Next the developer, will propose one or several new solutions to fix the error. When the developer believes that error is corrected, another member of the development team will retest the solution. If the solution fails to fix the problem during the retest, the issue will be sent back to the original developer for further analysis and new solutions.
If this solution works on the retest, then the error will be reviewed by another member of the development team. If a solution fails during the retest, then the ticket is reopened, and sent to an entirely new member of the development team to restart the process again. If the solution works, then the case is closed and the error or fixed is considered to be fixed.
Our proposed business process model is all about creating the most fun and highest quality immersive mixed reality experiences possible. Throughout the entire process, the data capture and analytics layer in our proposed business process model is steadily working in the background to provide valuable decision-making information, tracking KPIs and measure performance. As more data is captured, the ability to build more advanced and accurate prediction models will also grow.  Let’s take a look at the sales strategy to better understand where our sales data will be coming from and what our goals are for success.
Our mixed reality exhibitions attract a large and very diverse group of excited visitors, each year. Many who are eager to try virtual reality (VR) for the first time. Our visitors encompass all age groups, gender, nationality, race, and income levels. Visitors might be local residents or tourists seeking adventure. This is why our marketing plan hinges on creating value. At our exhibitions, our staff sells fun, educational and whimsical experiences for the whole family, not tickets for a ride.
The first goal of our sales strategy is to align with the diverse pool of visitors and the channels by which they find our exhibitions. For this reason, making sure the experience looks fun for a broad range of people is a top priority. Our foremost metric for success is by how much a person can enjoy themselves and emotionally connect with the mixed reality experiences at our facility. By monitoring and engaging on business review boards, we can monitor and manage our reputation. This way in the unfortunate event that someone has a poor experience, a staff member can engage with them to learn about and rectify the situation.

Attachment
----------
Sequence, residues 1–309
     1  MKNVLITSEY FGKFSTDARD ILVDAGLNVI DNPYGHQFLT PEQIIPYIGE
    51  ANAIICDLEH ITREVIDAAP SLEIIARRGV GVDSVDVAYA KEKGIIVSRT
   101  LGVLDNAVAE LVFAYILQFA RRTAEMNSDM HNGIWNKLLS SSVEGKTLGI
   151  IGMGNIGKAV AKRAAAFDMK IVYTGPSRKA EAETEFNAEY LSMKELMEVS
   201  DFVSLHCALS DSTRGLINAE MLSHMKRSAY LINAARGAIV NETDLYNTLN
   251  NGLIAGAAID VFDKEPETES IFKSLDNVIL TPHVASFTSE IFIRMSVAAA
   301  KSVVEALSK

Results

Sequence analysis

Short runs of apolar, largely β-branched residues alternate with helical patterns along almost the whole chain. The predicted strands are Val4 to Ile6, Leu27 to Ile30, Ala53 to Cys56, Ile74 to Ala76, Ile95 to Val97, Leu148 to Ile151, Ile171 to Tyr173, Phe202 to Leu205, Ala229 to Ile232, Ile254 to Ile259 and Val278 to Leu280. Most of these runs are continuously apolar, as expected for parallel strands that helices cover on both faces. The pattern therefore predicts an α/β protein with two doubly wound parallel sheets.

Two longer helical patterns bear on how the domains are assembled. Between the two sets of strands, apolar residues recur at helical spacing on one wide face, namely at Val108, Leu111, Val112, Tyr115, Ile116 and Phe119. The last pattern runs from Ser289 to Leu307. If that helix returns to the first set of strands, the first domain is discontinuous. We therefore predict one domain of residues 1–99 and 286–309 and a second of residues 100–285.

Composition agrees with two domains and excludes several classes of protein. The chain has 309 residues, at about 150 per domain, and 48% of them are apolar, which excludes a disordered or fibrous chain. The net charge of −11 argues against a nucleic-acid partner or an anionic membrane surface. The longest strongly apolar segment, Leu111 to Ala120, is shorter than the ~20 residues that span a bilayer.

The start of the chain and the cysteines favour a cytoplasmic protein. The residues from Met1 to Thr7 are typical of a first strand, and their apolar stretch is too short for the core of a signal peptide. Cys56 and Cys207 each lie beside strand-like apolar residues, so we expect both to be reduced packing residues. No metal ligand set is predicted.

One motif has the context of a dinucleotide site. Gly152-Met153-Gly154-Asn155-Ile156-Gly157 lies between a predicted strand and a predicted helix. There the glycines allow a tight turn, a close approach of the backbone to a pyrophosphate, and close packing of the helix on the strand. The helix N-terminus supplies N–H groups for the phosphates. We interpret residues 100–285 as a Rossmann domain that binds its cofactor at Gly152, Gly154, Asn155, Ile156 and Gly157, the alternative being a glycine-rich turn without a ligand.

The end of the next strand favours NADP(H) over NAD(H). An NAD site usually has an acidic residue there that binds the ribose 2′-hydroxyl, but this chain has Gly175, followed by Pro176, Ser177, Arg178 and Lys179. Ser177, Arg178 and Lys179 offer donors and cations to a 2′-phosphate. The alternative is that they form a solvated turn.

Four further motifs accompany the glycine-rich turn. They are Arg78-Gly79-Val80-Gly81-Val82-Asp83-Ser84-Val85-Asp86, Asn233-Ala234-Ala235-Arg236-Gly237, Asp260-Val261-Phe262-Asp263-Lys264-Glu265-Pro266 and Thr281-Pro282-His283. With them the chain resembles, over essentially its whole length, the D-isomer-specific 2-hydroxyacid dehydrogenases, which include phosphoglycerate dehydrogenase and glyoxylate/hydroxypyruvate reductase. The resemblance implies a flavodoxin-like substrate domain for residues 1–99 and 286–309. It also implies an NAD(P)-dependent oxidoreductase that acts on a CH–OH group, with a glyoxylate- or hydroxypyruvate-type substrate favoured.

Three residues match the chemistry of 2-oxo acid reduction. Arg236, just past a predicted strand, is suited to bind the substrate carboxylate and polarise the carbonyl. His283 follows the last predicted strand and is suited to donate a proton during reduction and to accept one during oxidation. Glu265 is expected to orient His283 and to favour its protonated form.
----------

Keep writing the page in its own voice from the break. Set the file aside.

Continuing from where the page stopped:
Our approach begins with becoming highly visible in the places that people are most likely to find out how our exhibitions. This includes submitting and updating our profile data with various directories and search optimization lists. Additionally, a mobile marketing campaign will be set up to maximize reach.
Moreover, the sales strategy includes using hyperlocal content to create brand awareness, while creating unique rewards that target our local audience. By creating relevant incentives, the sales strategy will assist in facilitating the return of local visitors to the exhibition, time and time again. Perhaps, inspired to bring out of town relatives and guests or local school, community and church groups.
The next goal of our sales strategy, is to create value for our visitors. Our company is looking to profitably grow business revenue by carving out a substantial share of the highly competitive $40 BN+ plus global theme park market. One of the ways to create value is to motivate visitors to check in on social media. By checking in on social media, our visitors can interact with people they don’t yet now to make and meet new friends, recommend places they like, keep track of places they have visited, and receive valuable incentives.